The stupid movie! It was that moment my mind chose for a private screening of Jaws. The boat was getting closer, but my fear was faster. Da dum... Da dum dum... I could sense the shark, knew it was coming for me. The boat would never reach me in time. They would find only shreds of life preserver and one ski with a telltale bite mark. Closer, closer-- the boat-- closer. Then, unbelievably, something brushed my leg.
White terror shot through my body. I screamed, thrashing the water around me. This was no movie. I was about to be the afternoon snack of Carcharodon carcharias, a great white shark. My family would wail, inconsolable. “Why did we go water skiing?” they would cry. And maybe they might hire someone, perhaps even Richard Dreyfuss, to search for the shark. Quint wouldn’t be available, of course, having been eaten near the end of the first movie. In my panic, I wondered if I’d see the shark before it bit me, a bird’s eye view as my frightened soul might try to fly up and away from my physical body. Could I reason with the shark? Probably not. I believed the curmudgeonly Quint when he said: “Y'know the thing about a shark, he's got... lifeless eyes, black eyes, like a doll's eyes. When he comes at ya, doesn't seem to be livin'... until he bites ya.” These thoughts were coming at me faster than the shark was, but I knew this for sure: I was in a life or death battle with a real live sea monster, and I had zero skills. How would I fare having nothing but land legs when an old fisherman like Quint got it in the end? It didn’t matter in that moment that the movie Jaws was fiction.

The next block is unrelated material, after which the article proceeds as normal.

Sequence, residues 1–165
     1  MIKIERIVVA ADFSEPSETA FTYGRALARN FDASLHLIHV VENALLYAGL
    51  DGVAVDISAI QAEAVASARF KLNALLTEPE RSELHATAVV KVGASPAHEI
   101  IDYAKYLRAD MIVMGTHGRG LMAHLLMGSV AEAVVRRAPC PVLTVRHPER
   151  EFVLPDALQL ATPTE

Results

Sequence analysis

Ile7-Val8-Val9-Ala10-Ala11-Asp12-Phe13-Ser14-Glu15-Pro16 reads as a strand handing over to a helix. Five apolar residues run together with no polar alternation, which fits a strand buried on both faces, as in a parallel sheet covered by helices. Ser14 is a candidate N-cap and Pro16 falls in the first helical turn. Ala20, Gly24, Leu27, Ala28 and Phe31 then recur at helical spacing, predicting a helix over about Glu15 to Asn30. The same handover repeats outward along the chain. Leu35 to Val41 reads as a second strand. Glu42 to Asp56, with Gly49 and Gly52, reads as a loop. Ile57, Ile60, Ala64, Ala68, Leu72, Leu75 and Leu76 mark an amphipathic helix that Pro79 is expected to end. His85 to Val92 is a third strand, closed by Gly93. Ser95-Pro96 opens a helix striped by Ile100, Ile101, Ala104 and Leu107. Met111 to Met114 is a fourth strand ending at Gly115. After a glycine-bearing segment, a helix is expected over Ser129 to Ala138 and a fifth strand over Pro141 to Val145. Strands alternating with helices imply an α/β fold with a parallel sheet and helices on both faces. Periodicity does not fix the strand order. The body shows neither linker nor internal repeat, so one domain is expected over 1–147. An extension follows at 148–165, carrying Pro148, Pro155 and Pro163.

Not a bit. Not a bite.
Finally, the boat, a hand, someone pulling me up. “Oh my gosh,” my cousin said, concern wrinkling her brow. I was obviously in distress. “Are you okay?” everyone asked all at once, a chorus of concern. “Sh-- sh-- shark...” I sputtered, shivering and safe now in the boat. But I didn’t feel safe. “Shark?” Claire asked. “Something brushed up against me!” I cried. “Oh.....” she said. “It was probably this.” Claire held up a piece of seaweed that had tangled on my ski. Seaweed or kelp or whatever non-shark green plant thing it was. But I couldn’t stop crying, shaking and wrapped up in a sun-warmed towel, my mother’s arm around me. I was done for the day.
It’s funny how the mind works, the fear that we have of the unknown--the stranger in the dark, the bump in the night, the thing just under the water’s surface. It’s Horror Movie 101: Don’t show the monster right away. The fear of the unknown is much scarier than seeing it up front because our imaginations conjure the worst. Beyond worst. Right? I just wish this go-to movie wisdom translated to real life.
Disease. Death. Loneliness. War. Loss. These are some of the real monsters we see today, far scarier than “Bruce,” the nickname the crew gave to the mechanical shark in Jaws to honor (or shame?) Spielberg’s lawyer. Ha! The monsters I see and the things I fear aren’t the seaweed of my youth. The things I worry about today are at once specific and abstract. I can view cancer cells under a microscope, yet still fear the monster of that disease. I throw chum into the water of my mind and wait for the sharks. Why do I do this? Why can’t I stop?
I need to remind myself to breathe, to meditate, to spend time in nature. I can write out my fears, perform a literary exorcism, but I don’t want to haul the nightmares to shore with me. Some people do, and to those folks, I’m sure Chief Brody would say, “You’re gonna need a bigger boat.” For me, I’ll stick with something smaller. Something with a fast motor. Something to make me feel free with the wind in my hair.